How To Overcome Objections In The Sales Process
As a sales person and marketer you probably already know that throughout the sales process there will always be objections. But the question still remains; what is the best way to know how to overcome objections?
Some people look forward to questions and objections because they believe this indicates a very real interest on the prospect’s part. The prevailing thought is if the prospect is asking questions and/or providing objections then they’re at the very least interested in your product or service and they’re thinking about how it may impact their business.
However while some people thrive in these moments, others loathe when the objections arrive and they cower and shrivel up at the thought of having to know how to overcome objections.
4 Quick Tips On How To Overcome Objections:
If your the type of person who cringes at the thought of handling objections then here are 4 quick tips on how to overcome objections for you:
- Know that objections are a part of the sales process and if your prospect is serious about your product/service and engaged in your presentation then questions/objections are the norm and not the exception.
- Now that you know that objections are a natural part of the selling process don’t be surprised by them; instead, anticipate them. Take note of some of the most common objections that you come across and prepare your response to overcome them. Practice these responses over and over until they easily roll off your tongue.
- When an objection arrives, instead of going into immediate “defense mode” and blurting out your canned response, try asking them a question first…for example: “That’s a great question Steve …out of curiosity, why did you ask that? Has that (objection they raised) happened to you before?”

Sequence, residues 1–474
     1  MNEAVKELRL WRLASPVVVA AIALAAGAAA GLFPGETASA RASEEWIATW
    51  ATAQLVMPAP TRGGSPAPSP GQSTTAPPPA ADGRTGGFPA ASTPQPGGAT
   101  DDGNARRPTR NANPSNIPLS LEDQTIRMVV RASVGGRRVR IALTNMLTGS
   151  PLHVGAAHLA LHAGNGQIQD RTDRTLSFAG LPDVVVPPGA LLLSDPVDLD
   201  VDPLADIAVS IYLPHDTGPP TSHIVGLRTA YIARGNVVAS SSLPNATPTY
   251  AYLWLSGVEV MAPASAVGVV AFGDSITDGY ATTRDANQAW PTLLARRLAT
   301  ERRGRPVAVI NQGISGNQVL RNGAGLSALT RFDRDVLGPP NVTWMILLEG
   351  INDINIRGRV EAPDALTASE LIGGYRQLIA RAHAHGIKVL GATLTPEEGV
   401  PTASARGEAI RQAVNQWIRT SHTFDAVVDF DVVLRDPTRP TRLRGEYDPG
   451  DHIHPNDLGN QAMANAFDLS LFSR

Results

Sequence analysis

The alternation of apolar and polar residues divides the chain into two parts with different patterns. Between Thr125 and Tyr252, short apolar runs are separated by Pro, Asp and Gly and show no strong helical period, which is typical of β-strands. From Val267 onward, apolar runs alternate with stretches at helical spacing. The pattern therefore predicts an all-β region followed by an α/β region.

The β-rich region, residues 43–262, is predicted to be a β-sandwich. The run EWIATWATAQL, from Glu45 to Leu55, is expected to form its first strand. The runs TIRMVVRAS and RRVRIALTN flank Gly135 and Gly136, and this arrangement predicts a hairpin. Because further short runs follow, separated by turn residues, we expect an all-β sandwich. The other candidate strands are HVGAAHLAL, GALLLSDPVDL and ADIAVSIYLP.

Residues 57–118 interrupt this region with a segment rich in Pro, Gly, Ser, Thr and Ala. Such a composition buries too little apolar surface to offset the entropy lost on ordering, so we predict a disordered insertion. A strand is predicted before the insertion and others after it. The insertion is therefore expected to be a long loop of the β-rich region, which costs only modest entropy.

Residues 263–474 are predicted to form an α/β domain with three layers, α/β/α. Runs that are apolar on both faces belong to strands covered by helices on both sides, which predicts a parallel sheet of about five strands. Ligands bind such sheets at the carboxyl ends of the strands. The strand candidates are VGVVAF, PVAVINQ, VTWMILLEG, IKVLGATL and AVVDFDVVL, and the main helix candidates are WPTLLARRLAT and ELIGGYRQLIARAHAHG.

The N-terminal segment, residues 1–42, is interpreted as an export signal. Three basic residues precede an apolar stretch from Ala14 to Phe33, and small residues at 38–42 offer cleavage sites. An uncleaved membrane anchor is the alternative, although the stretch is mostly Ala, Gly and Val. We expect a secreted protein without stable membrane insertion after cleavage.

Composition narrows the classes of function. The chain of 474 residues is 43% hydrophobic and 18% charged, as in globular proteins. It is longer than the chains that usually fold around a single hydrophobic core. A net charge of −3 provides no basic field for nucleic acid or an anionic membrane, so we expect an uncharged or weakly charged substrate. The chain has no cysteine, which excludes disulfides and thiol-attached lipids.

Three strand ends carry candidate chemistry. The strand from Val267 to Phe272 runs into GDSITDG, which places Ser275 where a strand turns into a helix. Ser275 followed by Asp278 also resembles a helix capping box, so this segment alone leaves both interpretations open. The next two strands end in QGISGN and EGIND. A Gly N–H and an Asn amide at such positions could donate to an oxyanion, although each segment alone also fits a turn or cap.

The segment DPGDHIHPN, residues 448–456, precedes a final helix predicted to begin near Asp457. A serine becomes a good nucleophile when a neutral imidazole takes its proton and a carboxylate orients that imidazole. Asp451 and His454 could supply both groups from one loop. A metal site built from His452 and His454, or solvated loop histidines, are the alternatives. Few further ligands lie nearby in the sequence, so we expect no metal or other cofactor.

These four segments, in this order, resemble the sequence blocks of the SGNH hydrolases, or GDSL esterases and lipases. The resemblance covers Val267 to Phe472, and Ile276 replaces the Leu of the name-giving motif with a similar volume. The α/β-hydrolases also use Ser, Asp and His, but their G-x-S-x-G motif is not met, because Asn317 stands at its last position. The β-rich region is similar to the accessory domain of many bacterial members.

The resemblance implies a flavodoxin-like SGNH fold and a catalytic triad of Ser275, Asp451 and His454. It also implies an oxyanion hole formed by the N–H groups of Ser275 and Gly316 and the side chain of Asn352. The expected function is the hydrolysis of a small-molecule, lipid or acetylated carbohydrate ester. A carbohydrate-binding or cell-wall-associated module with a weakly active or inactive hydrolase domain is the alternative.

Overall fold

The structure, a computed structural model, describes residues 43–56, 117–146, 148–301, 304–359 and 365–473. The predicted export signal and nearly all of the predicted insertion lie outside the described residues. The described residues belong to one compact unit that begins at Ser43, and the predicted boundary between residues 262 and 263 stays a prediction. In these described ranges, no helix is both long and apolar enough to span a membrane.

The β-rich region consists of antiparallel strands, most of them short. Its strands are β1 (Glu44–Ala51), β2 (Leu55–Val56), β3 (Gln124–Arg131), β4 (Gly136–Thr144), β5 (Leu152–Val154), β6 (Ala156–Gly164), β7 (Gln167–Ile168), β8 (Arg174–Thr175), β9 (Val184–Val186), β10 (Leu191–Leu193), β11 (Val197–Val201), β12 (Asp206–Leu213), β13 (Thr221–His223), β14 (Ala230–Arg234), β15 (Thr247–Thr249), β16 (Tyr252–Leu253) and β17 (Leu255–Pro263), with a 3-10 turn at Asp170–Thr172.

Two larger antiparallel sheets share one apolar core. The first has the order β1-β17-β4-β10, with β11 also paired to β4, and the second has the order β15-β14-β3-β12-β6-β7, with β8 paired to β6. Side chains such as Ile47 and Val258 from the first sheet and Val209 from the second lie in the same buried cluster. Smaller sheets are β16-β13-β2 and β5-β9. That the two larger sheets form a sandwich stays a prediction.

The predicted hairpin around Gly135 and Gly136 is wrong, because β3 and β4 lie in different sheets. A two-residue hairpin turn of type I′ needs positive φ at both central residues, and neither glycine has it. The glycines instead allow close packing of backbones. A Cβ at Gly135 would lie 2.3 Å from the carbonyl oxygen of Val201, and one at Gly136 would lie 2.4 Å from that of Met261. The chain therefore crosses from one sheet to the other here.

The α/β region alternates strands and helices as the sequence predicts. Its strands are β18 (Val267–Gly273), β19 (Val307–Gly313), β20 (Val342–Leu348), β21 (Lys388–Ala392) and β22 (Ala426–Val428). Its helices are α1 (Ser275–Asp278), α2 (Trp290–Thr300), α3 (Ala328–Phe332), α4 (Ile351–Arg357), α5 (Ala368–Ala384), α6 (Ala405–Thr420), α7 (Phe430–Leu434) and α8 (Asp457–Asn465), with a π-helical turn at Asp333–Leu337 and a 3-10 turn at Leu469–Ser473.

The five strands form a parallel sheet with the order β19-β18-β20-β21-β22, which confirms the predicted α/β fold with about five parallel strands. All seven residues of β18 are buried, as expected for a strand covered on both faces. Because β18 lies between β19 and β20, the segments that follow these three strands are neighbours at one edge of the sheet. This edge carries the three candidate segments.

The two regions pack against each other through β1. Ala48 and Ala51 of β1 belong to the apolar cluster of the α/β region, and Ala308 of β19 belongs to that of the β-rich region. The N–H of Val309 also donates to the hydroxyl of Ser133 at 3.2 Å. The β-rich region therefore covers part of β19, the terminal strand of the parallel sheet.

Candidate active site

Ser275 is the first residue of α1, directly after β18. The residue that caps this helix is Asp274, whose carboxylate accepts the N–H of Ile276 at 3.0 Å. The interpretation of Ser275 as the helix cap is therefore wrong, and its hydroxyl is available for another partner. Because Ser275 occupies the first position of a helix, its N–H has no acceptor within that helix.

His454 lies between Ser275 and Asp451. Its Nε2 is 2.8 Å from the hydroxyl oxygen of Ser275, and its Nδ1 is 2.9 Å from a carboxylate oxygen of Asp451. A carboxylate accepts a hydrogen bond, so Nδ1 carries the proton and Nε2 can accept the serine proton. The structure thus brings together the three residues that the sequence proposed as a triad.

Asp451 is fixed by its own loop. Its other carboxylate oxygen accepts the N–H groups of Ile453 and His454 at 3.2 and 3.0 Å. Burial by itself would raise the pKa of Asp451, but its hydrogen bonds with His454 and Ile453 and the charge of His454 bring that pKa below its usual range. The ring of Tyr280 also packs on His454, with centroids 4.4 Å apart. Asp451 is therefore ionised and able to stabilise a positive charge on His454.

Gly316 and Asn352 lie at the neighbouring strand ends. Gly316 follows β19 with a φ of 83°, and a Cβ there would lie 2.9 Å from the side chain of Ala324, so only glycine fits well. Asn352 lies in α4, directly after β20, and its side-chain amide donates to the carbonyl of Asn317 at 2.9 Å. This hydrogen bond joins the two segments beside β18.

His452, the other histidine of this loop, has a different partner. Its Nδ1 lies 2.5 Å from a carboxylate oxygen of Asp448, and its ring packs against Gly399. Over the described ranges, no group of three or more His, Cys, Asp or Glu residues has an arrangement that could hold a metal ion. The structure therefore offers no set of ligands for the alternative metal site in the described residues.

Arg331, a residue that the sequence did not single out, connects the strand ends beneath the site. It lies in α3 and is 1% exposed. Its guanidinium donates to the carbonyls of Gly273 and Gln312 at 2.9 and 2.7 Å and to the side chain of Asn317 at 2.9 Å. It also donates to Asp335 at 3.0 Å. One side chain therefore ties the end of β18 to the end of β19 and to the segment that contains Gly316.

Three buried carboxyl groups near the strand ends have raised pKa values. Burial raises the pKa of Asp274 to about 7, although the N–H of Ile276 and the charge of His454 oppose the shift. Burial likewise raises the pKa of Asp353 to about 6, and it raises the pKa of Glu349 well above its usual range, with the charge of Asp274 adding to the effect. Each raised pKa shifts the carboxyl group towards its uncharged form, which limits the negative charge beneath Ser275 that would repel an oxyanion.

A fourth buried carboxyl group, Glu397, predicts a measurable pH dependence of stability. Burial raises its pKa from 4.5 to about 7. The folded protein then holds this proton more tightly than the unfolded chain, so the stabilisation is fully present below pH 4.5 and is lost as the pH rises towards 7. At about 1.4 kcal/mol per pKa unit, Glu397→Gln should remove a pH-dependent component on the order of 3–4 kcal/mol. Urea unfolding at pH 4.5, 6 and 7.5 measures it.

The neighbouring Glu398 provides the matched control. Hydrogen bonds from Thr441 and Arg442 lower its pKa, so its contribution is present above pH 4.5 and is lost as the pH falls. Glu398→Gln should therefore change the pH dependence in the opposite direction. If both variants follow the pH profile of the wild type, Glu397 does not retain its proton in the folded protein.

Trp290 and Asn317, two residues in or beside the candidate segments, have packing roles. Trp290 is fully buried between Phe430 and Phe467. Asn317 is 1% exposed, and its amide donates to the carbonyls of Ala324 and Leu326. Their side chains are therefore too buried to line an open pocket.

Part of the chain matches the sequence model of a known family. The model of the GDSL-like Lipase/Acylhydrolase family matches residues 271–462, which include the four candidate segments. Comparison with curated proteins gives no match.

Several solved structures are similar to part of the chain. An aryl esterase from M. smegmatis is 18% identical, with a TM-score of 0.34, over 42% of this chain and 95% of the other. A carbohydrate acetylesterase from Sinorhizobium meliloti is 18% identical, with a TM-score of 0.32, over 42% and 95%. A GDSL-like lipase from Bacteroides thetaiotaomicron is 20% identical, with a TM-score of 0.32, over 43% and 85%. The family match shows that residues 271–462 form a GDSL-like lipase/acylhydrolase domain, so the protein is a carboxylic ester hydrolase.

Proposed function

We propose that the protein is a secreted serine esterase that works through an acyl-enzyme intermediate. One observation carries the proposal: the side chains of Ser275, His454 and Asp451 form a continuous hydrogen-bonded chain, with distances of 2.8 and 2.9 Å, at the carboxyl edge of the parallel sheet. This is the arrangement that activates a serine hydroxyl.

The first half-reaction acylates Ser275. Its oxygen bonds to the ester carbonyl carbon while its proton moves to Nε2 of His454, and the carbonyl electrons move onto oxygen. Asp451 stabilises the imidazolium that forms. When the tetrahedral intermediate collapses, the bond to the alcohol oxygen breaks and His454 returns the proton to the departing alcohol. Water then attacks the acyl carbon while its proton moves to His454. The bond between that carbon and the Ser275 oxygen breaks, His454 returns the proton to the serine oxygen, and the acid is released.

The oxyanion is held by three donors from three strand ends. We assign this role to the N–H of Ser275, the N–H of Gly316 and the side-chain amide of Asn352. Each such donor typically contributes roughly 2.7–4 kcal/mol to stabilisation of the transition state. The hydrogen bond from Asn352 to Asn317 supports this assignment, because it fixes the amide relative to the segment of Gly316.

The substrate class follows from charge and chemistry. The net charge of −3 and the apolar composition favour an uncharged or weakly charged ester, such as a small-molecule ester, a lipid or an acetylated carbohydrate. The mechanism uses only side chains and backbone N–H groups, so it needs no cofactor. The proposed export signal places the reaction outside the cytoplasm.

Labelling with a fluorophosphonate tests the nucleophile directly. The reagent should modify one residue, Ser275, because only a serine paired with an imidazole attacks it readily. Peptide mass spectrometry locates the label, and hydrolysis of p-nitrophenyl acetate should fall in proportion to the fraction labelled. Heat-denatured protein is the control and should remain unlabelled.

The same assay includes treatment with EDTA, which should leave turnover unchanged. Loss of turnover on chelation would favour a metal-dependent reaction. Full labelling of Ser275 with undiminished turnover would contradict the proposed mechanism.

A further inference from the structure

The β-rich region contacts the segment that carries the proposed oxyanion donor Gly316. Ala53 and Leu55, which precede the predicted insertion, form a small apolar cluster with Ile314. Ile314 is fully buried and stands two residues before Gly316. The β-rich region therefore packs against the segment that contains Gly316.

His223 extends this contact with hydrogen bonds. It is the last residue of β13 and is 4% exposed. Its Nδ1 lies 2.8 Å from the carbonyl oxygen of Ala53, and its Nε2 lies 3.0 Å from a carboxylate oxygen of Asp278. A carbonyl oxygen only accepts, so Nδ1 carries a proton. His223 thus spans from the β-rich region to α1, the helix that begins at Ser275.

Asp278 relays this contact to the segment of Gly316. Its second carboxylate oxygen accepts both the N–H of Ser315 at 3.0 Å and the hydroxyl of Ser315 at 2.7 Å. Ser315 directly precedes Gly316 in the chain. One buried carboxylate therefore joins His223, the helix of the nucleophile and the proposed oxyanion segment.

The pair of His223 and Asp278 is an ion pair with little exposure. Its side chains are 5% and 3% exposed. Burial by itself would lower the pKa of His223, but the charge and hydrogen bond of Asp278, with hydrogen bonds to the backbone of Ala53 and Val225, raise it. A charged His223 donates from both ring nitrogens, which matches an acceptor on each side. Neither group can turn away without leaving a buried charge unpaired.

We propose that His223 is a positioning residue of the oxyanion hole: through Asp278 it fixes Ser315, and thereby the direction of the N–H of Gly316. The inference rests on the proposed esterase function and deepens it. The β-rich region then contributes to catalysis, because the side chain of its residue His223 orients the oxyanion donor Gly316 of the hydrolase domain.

- If they say “yes” then you follow that question up by asking an open ended question like … “What impact did (their objection) have on your business when that happened?”
Objection Handling 101:
By asking questions first instead of immediately “dancing” (scurrying around to quickly provide an answer for your prospect) you’ve accomplished a few things:
- (A): You’ve removed the immediate pressure off yourself to provide an answer and you’ve shifted the focus back onto the prospect. This not only allows you to “regroup” but also to learn more about the prospect’s concern and why they’re asking about it.
- (B) You’ve helped to establish your posture. By asking this question you’re demonstrating that your not just trying to quickly submit an answer that will hopefully overcome their objection in order to “get the sale”. Furthermore, you’re actually showing that you’re not running or hiding from the objection by providing a “stock” answer to hopefully sweep it under the carpet and rapidly move on. Instead, you’re demonstrating to your prospect that you actually embrace this this kind of question and you’re 100% willing to tackle it with them.
- (C) By asking the open ended question (a question that can’t be answered with only a “yes” or “no” response) you’re actually showing the prospect that you’re willing to dig a little deeper in order to obtain more information so that you can help them out and provide them a solution to their business “pain”.
So by now you understand that overcoming objections is just part of the process, that you shouldn’t fear them (you should expect and prepare for them), and that the best way to defuse them is to ask open ended questions to get to the heart of the objection.
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